A number of factors made this ATM explosion possible. First, sharing locations created more transaction volume at individual ATMs. This gave incentives for small and medium-sized financial institutions to invest in this technology. At one point, for instance, there were some 200 shared ATM networks in the US and 80 shared networks in Japan.

They also became more popular once banks digitised their records, allowing the machines to perform a host of other tasks, such as bank transfers, balance requests and bill payments. Over the last five decades, a huge number of people have made the shift away from the cash economy and into the banking system. Consequently, ATMs became a key way of avoiding congestion at branches.

ATM design began to accommodate people with visual and mobility disabilities, too. And in recent decades, many countries have allowed non-bank companies, known as Independent ATM Deployers (IAD) to operate machines. The IAD were key to populating non-bank locations such as corner shops, petrol stations and casinos.

Indeed, while a large bank in the UK might own 4,000 devices and one in the US as many as 12,000, Cardtronics, the largest IAD, manages a fleet of 230,000 ATMs in 11 countries.


Bank to the future

The ATM has remained a relevant and convenient self-service channel for the last half century – and its history is one of invention and re-invention, evolution rather than revolution.

Self-service banking and ATMs continue to evolve. Instead of PIN authentication, some ATMS now use “tap and go” contactless payment technology using bank cards and mobile phones. Meanwhile, ATMs in Poland and Japan have used biometric recognition, which can identify a customer’s iris, fingerprint or voice, for some time, while banks in other countries are considering them.

So it’s a good time to consider what the history of cash dispensers can teach us. The ATM was not the result of a eureka moment of a single middle-aged man in a bath or garage, but from active collaboration between various groups of bankers and engineers to solve the significant challenges of a changing world. It took two decades for the ATM to mature and gain widespread, worldwide acceptance, but today there are 3.5m ATMs with another 500,000 expected by 2020.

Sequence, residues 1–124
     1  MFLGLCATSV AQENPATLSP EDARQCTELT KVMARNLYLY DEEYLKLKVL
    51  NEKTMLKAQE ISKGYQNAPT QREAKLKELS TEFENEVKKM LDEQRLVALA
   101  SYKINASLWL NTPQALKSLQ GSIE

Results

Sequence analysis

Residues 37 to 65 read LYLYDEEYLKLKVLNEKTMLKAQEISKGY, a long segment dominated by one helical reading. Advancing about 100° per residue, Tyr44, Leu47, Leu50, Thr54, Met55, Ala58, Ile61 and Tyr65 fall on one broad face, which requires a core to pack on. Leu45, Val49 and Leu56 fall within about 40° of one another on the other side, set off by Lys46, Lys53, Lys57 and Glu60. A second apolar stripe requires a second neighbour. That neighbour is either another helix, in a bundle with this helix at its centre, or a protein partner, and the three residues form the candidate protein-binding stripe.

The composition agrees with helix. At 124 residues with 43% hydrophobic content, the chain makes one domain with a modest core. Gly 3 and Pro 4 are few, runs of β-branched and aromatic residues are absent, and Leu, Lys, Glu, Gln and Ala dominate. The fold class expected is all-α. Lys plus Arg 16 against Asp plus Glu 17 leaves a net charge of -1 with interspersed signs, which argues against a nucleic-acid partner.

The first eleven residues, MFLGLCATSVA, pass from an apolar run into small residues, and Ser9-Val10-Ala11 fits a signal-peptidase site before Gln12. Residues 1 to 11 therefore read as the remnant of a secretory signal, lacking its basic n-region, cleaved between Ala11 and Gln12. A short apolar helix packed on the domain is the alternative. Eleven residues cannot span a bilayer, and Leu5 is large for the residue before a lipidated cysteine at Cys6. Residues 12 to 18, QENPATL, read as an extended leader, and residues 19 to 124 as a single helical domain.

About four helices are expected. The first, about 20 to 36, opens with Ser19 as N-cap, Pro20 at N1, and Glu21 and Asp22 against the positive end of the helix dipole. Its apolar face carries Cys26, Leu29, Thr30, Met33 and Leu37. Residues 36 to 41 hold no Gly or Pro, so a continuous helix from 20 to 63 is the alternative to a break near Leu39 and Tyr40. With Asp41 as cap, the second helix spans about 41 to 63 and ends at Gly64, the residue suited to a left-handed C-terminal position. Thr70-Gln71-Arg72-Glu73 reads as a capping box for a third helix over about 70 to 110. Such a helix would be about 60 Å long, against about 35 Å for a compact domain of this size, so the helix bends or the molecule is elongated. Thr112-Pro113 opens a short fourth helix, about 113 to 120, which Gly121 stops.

Research I am currently undertaking suggests that ATMs may have reached saturation point in some Western countries. However, research by the ATM Industry Association suggests there is strong demand for them in China, India and the Middle East. In fact, while in the West people tend to use them for three self-service functions (cash withdrawal, balance enquiries, and purchasing mobile phone airtime), Chinese customers consumers regularly use them for as many as 100 different tasks.

Taken for granted?

Interestingly, people in most urban areas around the world tend to interact with the same five ATMs. But they shouldn’t be taken for granted. In many countries in Africa, Asia and South America, they offer services to millions of people otherwise excluded from the banking sector.

In most developed counties, meanwhile, the retail branch and the ATM are the only two channels over which financial institutions have 100 per cent control. This is important when you need to verify the authenticity of your customer. Banks do not control the make and model of their customers’ smart phones, tablets or personal computers, which are vulnerable to hacking and fraud. While ATMs are targeted by thieves, mass cybernetic attacks on them have yet to materialise.

The ConversationI am often asked whether the advent of a cashless, digital economy heralds the end of the ATM. My response is that while the world might do away with cash and call ATMs something else, the revolution of automated self-service banking that began 50 years ago is here to stay.

Bernardo Batiz-Lazo is professor of business history and bank management at Bangor University.

This article was originally published on The Conversation. Read the original article.